Workers at a Gainesville, Ga., paper and plastic recycling facility are at risk of serious injury, federal investigators said, after an inspection of the plant uncovered a multitude of serious safety violations.
The Occupational Safety and Health Administration (OSHA) found that the safety violations inside the Nemo Plastics Inc. plant expose workers to the risk of burn and blast injuries, amputation hazards, hearing loss, electrocution, and other threats to their health and well-being.
Nemo Plastics is an Atlanta-based company that receives cardboard and plastic waste and processes the material before shipping it to other recyclers for further processing and reuse.
OSHA said it cited the company for 24 safety and health violations, all but three of which the agency deemed to be serious. Those violations included:
- Exposing workers to explosion and fire hazards by allowing combustible dust to accumulate in the workplace;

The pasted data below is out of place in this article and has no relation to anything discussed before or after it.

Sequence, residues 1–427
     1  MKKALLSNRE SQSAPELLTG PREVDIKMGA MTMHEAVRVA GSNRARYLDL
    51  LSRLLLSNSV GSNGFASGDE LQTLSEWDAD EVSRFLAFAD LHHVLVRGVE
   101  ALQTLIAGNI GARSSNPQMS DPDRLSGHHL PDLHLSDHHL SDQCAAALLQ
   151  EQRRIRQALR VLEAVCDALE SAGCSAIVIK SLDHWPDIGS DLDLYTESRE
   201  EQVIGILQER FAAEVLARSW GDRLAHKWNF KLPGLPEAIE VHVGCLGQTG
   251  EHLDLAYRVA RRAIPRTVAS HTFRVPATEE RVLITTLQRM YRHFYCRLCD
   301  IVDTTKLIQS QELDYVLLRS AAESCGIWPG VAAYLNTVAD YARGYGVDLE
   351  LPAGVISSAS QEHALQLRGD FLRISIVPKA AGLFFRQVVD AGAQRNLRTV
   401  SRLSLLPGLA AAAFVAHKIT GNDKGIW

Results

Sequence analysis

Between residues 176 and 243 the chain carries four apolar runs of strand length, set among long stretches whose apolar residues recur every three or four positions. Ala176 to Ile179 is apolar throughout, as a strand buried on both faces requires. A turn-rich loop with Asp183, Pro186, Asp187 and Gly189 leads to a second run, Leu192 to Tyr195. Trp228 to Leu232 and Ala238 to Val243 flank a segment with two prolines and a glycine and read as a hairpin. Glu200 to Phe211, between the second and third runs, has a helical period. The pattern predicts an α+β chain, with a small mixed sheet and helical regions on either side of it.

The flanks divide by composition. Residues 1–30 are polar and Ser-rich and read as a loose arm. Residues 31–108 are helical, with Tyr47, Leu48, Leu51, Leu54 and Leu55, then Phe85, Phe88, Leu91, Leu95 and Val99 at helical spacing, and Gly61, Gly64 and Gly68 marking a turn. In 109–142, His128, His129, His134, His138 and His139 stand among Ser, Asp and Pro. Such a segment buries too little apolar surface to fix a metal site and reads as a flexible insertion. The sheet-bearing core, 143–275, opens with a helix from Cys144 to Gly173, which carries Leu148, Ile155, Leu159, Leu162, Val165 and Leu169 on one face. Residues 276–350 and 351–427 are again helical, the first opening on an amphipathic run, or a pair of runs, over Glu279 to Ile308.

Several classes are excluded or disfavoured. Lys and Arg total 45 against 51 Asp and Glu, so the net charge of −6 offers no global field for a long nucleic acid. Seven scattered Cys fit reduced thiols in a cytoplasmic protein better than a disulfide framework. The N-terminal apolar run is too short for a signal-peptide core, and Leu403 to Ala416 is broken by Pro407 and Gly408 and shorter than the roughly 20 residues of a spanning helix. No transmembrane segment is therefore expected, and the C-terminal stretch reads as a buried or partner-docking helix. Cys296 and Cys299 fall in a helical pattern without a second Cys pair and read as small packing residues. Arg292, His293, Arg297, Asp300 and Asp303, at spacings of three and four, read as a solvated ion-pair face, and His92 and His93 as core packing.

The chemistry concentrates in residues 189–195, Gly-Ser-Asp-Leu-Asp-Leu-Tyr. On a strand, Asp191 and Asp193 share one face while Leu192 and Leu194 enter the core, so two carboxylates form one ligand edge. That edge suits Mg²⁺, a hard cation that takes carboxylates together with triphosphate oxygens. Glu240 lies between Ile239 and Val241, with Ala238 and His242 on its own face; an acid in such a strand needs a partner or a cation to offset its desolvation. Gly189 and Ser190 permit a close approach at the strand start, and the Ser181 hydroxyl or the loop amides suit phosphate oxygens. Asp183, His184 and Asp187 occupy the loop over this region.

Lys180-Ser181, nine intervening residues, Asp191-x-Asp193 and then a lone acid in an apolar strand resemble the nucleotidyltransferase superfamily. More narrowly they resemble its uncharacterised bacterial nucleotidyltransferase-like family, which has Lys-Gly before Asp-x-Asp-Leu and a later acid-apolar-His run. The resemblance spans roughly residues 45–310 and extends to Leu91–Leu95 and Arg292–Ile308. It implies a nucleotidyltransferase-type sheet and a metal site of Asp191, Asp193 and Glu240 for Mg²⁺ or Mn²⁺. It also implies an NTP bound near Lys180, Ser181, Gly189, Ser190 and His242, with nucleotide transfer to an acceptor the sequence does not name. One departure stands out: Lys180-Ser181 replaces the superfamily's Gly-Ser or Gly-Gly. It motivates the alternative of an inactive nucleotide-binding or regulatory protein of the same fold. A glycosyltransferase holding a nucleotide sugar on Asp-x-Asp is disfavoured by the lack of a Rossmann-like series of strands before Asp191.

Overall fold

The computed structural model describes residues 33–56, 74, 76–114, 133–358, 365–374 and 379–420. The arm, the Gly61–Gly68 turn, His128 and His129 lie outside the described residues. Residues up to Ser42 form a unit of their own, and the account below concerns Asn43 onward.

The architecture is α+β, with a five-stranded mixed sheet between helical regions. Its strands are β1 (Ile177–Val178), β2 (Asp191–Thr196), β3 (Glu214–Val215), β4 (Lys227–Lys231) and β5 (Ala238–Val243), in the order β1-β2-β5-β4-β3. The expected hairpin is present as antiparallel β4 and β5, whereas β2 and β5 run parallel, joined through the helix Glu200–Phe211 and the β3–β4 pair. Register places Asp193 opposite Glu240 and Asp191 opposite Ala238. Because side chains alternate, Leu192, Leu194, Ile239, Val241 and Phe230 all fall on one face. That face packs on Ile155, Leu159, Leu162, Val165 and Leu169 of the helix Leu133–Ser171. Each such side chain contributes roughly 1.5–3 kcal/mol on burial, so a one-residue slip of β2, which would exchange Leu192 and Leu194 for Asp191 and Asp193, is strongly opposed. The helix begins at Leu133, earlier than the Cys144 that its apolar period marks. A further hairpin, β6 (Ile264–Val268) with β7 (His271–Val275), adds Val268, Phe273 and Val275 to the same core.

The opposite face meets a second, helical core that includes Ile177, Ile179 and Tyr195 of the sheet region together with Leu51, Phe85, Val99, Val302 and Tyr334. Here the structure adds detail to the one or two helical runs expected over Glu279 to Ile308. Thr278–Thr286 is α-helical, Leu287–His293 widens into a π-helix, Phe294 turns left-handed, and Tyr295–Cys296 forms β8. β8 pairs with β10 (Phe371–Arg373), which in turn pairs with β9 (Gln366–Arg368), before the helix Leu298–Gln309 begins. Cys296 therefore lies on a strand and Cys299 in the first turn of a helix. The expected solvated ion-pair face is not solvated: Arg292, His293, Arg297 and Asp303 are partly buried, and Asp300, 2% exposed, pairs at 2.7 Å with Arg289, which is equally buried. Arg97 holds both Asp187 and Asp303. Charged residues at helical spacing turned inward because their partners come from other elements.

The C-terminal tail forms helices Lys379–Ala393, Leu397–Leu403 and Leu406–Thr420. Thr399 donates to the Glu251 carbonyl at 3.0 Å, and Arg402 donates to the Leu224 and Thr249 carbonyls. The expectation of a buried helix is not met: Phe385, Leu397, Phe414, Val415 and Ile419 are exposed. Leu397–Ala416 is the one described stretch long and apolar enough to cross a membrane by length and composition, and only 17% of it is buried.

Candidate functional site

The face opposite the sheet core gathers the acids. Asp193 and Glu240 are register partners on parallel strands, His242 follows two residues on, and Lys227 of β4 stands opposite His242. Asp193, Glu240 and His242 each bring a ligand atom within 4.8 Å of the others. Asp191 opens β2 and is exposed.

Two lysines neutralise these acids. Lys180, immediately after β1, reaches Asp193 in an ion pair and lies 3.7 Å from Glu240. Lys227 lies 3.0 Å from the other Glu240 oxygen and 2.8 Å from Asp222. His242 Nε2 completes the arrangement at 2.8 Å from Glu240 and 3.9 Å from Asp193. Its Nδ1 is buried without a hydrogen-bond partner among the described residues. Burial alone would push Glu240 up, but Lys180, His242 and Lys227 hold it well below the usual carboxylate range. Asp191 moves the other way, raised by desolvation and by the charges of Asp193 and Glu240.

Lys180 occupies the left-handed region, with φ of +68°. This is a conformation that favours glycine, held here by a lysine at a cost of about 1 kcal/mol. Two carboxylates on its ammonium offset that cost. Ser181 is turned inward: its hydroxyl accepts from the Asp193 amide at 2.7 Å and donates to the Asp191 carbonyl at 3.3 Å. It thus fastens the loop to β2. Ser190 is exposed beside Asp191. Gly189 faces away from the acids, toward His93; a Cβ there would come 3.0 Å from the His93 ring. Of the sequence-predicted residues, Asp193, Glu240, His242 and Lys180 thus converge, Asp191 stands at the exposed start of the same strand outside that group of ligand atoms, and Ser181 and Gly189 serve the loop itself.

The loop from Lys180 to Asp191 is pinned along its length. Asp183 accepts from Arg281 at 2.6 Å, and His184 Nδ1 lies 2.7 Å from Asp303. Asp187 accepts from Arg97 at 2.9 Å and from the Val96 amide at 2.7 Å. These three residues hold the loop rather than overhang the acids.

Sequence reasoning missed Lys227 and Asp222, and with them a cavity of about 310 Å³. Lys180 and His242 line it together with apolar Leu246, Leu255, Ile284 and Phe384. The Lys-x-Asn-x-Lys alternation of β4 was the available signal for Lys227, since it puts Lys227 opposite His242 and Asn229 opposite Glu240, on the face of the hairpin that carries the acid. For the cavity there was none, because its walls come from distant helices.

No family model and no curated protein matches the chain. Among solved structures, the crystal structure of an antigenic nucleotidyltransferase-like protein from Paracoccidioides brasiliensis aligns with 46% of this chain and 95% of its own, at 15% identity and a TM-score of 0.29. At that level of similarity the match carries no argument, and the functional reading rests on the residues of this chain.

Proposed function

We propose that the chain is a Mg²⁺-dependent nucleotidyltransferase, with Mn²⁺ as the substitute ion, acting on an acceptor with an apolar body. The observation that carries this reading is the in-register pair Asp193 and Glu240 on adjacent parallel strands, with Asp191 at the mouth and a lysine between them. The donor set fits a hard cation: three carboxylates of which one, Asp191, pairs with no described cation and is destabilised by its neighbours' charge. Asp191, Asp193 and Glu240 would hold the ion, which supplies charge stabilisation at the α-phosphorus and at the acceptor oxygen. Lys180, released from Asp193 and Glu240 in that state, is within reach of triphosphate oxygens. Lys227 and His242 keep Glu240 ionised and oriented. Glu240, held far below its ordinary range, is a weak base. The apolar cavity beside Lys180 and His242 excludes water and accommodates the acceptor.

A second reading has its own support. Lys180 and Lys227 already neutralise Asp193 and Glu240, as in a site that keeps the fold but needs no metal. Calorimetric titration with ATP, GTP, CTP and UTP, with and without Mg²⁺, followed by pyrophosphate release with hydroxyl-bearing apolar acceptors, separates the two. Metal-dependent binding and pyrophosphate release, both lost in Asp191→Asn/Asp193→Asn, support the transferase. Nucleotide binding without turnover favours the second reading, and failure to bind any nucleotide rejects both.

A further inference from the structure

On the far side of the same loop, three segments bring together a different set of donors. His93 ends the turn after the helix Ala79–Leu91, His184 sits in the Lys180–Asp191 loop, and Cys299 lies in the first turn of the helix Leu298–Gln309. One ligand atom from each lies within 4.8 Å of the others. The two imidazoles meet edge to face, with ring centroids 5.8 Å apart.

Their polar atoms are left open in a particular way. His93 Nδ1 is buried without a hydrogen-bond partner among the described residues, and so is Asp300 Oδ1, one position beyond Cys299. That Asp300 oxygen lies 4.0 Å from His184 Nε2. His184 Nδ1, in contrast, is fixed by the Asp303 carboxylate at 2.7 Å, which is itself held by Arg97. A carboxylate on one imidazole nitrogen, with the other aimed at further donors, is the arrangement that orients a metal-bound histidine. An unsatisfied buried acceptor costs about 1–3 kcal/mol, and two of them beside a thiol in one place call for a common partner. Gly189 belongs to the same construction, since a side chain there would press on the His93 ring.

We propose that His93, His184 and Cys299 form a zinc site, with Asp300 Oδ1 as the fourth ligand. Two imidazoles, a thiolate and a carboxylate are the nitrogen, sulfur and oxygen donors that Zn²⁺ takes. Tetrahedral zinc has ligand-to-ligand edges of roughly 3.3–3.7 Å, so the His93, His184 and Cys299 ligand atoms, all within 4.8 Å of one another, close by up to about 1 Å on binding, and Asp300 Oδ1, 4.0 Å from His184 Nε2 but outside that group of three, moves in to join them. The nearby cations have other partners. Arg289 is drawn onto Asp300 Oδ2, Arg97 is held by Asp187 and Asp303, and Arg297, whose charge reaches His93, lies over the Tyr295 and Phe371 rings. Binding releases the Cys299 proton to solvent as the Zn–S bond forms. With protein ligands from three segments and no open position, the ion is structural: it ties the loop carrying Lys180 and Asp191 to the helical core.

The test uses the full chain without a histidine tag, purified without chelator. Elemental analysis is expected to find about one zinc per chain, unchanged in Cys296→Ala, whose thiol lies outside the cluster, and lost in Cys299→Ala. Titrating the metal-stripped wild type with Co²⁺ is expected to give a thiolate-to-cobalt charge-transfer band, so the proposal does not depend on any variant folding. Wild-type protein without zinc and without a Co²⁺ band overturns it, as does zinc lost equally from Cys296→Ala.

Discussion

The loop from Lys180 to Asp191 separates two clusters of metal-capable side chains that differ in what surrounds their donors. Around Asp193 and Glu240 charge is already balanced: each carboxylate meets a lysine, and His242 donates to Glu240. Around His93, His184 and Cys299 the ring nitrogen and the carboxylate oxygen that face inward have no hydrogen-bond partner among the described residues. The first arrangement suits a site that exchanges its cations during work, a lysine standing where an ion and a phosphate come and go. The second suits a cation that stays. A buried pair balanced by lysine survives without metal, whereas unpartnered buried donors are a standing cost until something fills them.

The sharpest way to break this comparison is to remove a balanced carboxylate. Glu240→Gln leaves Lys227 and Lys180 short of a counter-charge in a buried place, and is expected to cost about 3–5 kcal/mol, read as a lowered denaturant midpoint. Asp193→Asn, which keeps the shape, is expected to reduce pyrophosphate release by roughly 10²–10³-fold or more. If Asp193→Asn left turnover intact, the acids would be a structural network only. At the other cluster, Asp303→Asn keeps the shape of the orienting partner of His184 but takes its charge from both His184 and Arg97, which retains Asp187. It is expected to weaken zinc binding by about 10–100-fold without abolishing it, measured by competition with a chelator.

- Failure to provide employees with personal protective clothing;
- Failure to implement a hazardous energy control program to prevent machinery from starting up during maintenance and servicing;
- Failure to evaluate spaces such as silos to determine if they confined spaces that pose special safety risks to workers;
- Exposing workers to amputations hazards due to missing machine guards;
- Failure to develop a noise monitoring program.
Other violations included exposing workers to electrical hazards and other failures involving the mishandling of combustible dust. Proposed penalties for the violations totaled $133,443.
“Nemo Plastics is responsible to assess workplace hazards and ensure measures are taken to protect employees,” said William Fulcher, OSHA’s area director in the Atlanta-East Office. “Workers should not have to risk their lives or health to provide for themselves and their families. The hazards identified during this complaint inspection are preventable by taking basic safety precautions such as providing personal protective equipment, performing routine housekeeping and guarding machines so that a worker doesn’t get injured or killed.”